Khan Academy and linear teaching

Wired has a great article about the Khan Academy. The Khan Academy has assembled a mass of online videos each a short lesson on an aspect of maths science and a sprinkling of other subjects. The article is a good review of what he Khan has accomplished and of what his fans and critics make of it.

What I like about what Khan is doing is that it supports people in learning at their own pace and starts to really mess with way schools try to teach a class of pupils as if they are all the same. There are lots of parallels here for they way organisations hold meetings – and connections to what I’ve blogged before about the teacher trance.

I thought this paragraph got to the heart of how Khan threatens serious disruption to at least part of the school system.

Even if Khan is truly liberating students to advance at their own pace, it’s not clear that the schools will be able to cope. The very concept of grade levels implies groups of students moving along together at an even pace. So what happens when, using Khan Academy, you wind up with a kid in fifth grade who has mastered high school trigonometry and physics—but is still functioning like a regular 10-year-old when it comes to writing, history, and social studies? Khan’s programmer, Ben Kamens, has heard from teachers who’ve seen Khan Academy presentations and loved the idea but wondered whether they could modify it “to stop students from becoming this advanced.”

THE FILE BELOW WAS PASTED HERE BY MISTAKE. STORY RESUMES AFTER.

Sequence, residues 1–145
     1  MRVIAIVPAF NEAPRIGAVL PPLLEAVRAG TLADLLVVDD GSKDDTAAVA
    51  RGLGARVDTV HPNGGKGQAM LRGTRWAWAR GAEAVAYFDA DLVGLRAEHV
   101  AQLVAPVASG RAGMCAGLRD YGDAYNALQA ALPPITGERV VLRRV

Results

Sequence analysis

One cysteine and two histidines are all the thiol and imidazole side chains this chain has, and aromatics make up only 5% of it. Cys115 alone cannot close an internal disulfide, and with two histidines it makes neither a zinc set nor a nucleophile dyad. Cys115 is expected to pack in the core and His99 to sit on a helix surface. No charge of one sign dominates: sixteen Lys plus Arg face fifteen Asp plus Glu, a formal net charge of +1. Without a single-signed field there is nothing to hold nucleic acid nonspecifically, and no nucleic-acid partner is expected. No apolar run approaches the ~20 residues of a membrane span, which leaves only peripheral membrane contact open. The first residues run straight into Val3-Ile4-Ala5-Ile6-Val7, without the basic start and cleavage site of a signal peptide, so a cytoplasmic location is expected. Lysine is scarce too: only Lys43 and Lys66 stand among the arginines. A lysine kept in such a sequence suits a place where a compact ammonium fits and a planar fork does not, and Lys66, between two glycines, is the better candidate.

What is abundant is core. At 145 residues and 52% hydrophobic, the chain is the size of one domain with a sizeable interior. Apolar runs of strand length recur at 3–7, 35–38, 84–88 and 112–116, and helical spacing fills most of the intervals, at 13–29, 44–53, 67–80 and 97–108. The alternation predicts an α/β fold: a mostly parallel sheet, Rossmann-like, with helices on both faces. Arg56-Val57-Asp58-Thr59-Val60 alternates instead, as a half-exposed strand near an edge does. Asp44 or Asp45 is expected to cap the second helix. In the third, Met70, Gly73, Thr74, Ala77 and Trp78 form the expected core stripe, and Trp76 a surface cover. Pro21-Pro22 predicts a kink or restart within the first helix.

That echoes what sometimes happens when organisations start to get Open Space and similar processes… they start to sense how radically disturbing they can be.

The piece has some interesting reflections on whether Khan’s approach may be liberating at one level, but possibly rigid at another – has he busted rote learning or simply repackaged it with gamification? I quite liked Khan’s perspective here:

Though the ranks of reformers include many Wall Streeters and Silicon Valley honchos, Khan himself winces when I apply the label to him. He says he has no particular animus toward the public school system; in fact, his experience with Los Altos has shown him that public school teachers can be as innovative as anyone else. “Don’t call me an education reformer, all right?” he says. “We’re not out to fight some political battle. We’re out to build stuff that’s useful.”

I like that attitude: he’s not affecting to have some grand overall solution for a system, he’s focussed on trying stuff out. Good improv practice.

Hat tip: @davidgurteen

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